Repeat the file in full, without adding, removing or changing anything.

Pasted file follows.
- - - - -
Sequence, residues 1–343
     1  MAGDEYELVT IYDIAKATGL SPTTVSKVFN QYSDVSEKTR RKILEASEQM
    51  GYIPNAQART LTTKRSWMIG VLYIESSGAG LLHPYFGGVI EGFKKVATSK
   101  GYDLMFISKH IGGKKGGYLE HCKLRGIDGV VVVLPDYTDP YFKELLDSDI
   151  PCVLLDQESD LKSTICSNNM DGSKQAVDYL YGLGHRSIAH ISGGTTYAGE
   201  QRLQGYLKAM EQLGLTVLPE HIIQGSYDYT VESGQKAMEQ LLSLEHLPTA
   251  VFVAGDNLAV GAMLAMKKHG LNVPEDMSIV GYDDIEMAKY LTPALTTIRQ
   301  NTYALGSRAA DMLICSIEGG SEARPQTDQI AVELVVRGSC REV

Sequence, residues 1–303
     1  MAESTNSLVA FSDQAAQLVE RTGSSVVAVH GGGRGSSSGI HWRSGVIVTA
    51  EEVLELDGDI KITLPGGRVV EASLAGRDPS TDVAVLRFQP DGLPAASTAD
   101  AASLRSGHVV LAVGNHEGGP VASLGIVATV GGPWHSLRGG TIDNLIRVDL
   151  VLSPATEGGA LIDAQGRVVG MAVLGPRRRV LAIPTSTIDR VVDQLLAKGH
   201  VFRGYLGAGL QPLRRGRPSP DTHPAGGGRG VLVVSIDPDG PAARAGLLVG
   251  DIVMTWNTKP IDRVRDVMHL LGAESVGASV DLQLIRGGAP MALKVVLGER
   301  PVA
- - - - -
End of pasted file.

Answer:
Sequence, residues 1–343
     1  MAGDEYELVT IYDIAKATGL SPTTVSKVFN QYSDVSEKTR RKILEASEQM
    51  GYIPNAQART LTTKRSWMIG VLYIESSGAG LLHPYFGGVI EGFKKVATSK
   101  GYDLMFISKH IGGKKGGYLE HCKLRGIDGV VVVLPDYTDP YFKELLDSDI
   151  PCVLLDQESD LKSTICSNNM DGSKQAVDYL YGLGHRSIAH ISGGTTYAGE
   201  QRLQGYLKAM EQLGLTVLPE HIIQGSYDYT VESGQKAMEQ LLSLEHLPTA
   251  VFVAGDNLAV GAMLAMKKHG LNVPEDMSIV GYDDIEMAKY LTPALTTIRQ
   301  NTYALGSRAA DMLICSIEGG SEARPQTDQI AVELVVRGSC REV

Sequence, residues 1–303
     1  MAESTNSLVA FSDQAAQLVE RTGSSVVAVH GGGRGSSSGI HWRSGVIVTA
    51  EEVLELDGDI KITLPGGRVV EASLAGRDPS TDVAVLRFQP DGLPAASTAD
   101  AASLRSGHVV LAVGNHEGGP VASLGIVATV GGPWHSLRGG TIDNLIRVDL
   151  VLSPATEGGA LIDAQGRVVG MAVLGPRRRV LAIPTSTIDR VVDQLLAKGH
   201  VFRGYLGAGL QPLRRGRPSP DTHPAGGGRG VLVVSIDPDG PAARAGLLVG
   251  DIVMTWNTKP IDRVRDVMHL LGAESVGASV DLQLIRGGAP MALKVVLGER
   301  PVA